How to Find and Track Your Real Customer
“The myth is that target marketing is a straightforward science, but the reality is this: the most valuable target marketing starts with ‘fragments of disjointed and often contradictory information’ and connects the dots from there. The quote is not from the pages of a marketing textbook, but from Shane Harris’s review of the documentary Manhunt, the inside story of how Bin Laden was tracked down and killed.” —George Bradt, “How Army Intelligence Techniques Apply to Business Leads” (Forbes magazine)
Reaching your real customer—actual people to whom you can sell your product or service—is no easy task. Yes, one of the best ways to achieve this is to create customer personas, a composite, research-based representation of who you think will most likely buy your offering. This will usually include the target’s business role/responsibilities; her company’s market position, challenges, and opportunities; and, critically, the phase she is currently in in the purchasing cycle. But such basic information is hardly enough in an environment where sales and marketing success depends on data, data, data—to create customer personas that are easily translatable to actual customers:
Base It on Real People, Not Stereotypes
In other words, model personas on your current customers. Think about their business goals, what drives their buying decisions, how they found their way to your company. Consider their spending patterns and influences, the problems and obstacles they encountered with your products or service and what information they needed to decide to buy/not buy. Take note of their mind-sets and expectations, and what type of buyers they are (bargain hunters, average spenders, spendthrifts? Emotional or logical?) and what strategies you can adopt to appeal to each type.
Do More Than Make Five-Minute Phone Calls
Face it: To do the process right, it takes time and effort. Start with talking to existing customers one on one to discover the challenges, motivations, and pain points of real people—and not just what you think they are. Listen to what customers are saying about your business on social media. Speak to your sales team to get the overall market picture and discover what types of customers they are most successful with. If customers are buying through your site, conduct web surveys to find out if they’ve ever experienced any problems with completing their purchase. Back up qualitative data (goals, attitudes, behaviors) with quantitative info to segment website customers by transactions, revenues, frequency of site use, etc. And of course, don’t forget to review all relevant customer communications.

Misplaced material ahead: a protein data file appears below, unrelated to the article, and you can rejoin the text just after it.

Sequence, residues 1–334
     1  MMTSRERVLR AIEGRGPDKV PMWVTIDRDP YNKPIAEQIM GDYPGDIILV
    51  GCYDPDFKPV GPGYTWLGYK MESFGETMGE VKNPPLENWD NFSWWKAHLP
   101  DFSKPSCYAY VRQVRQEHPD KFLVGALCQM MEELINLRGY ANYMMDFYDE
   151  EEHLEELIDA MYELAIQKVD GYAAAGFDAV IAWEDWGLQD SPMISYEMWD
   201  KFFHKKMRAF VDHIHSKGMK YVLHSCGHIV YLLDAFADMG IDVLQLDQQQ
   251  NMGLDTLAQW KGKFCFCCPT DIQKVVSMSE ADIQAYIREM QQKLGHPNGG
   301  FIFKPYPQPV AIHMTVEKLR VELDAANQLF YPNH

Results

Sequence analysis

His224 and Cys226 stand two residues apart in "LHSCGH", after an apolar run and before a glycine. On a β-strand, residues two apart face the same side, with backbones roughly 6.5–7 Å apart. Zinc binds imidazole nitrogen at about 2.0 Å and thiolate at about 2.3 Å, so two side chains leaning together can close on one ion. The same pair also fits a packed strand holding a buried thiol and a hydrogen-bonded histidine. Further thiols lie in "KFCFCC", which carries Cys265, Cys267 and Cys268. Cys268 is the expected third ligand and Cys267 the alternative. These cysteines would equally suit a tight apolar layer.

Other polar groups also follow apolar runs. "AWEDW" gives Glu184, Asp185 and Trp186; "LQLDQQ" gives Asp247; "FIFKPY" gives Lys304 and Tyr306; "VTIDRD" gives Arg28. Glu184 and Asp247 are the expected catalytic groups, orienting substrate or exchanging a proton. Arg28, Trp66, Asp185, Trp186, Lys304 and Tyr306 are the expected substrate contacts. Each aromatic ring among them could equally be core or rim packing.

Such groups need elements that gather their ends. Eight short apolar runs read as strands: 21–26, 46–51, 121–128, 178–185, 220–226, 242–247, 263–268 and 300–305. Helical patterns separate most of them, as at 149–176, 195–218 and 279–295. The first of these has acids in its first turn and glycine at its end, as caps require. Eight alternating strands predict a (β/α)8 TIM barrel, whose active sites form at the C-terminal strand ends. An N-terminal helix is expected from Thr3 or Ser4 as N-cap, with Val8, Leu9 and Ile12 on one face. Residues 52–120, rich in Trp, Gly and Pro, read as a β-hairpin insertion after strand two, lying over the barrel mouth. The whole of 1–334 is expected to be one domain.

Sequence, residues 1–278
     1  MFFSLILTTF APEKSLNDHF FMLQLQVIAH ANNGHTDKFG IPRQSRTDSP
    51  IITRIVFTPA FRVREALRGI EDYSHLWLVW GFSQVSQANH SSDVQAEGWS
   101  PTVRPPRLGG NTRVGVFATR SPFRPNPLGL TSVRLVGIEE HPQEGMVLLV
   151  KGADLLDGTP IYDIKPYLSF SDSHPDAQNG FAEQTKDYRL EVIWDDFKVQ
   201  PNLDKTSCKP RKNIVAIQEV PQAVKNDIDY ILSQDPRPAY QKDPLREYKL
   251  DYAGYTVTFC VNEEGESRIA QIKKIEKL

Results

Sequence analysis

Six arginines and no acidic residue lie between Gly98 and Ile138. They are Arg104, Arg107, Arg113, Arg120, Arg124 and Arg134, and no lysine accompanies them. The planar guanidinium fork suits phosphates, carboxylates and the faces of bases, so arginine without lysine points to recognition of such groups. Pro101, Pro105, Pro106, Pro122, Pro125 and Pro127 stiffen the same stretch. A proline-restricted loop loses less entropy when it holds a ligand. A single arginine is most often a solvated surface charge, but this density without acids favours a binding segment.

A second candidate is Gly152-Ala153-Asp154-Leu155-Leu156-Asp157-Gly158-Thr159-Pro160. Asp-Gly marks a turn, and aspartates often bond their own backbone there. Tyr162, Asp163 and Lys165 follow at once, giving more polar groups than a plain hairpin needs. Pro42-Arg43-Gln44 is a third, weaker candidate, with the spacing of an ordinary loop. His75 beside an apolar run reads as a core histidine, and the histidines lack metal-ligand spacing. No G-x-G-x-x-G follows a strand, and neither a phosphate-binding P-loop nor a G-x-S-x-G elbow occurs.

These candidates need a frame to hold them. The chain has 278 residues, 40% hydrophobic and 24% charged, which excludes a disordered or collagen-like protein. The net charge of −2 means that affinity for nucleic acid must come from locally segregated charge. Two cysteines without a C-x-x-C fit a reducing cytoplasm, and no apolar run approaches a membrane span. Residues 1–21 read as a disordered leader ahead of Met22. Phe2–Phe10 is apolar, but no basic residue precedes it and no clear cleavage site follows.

Remember that as the market changes, so do the customers. And your business operates in real time. It would be wise to constantly review market trends and refresh personas as needed. This not only boosts engagement, but also improves product-market fit, drives growth at every stage, and enhances your personalization strategy. After all, finding your actual customer requires knowing who you’re sending your message to, understanding his needs and motivations, and tailoring your message accordingly.
Connect the Dots
Getting a true picture of your real customer means getting the full picture. How do your customers interact with your business? Do they use your website, or an app from their smartphone? Augment the data from these sources by comparing them with information gleaned from other databases, electronic media, and other data stores. By connecting the dots, you can acquire detailed, accurate, complete, and, importantly, timely insights.
First you need to ensure your data is accurate, and that you have enough of the right data to begin with. But with mountains of customer data from internal and external sources to sift through, how do you find those individuals with the most potential for upselling? Emerging technologies like artificial intelligence (AI) can be used to make sense of the data—by using predictive scoring, for example, to know which prospects are most likely to buy, and therefore which to prioritize. Other signals like intent data can also be added into the mix, to help pinpoint prospects who have the greatest intent to buy, thereby helping your sales team find new prospects and your marketing team fine-tune and enrich lists gathered through marketing programs. This lets you move from big, unstructured data sets to “finding that guy” who really cares about what you’re offering.
In the end, it’s important to mine the correct types of data to provide the insights that lead you to look-alikes of your ideal—that is, your actual—customers.
Alicia McCarty is director of marketing for Leadspace, which provides data intelligence for B2B sales and marketing.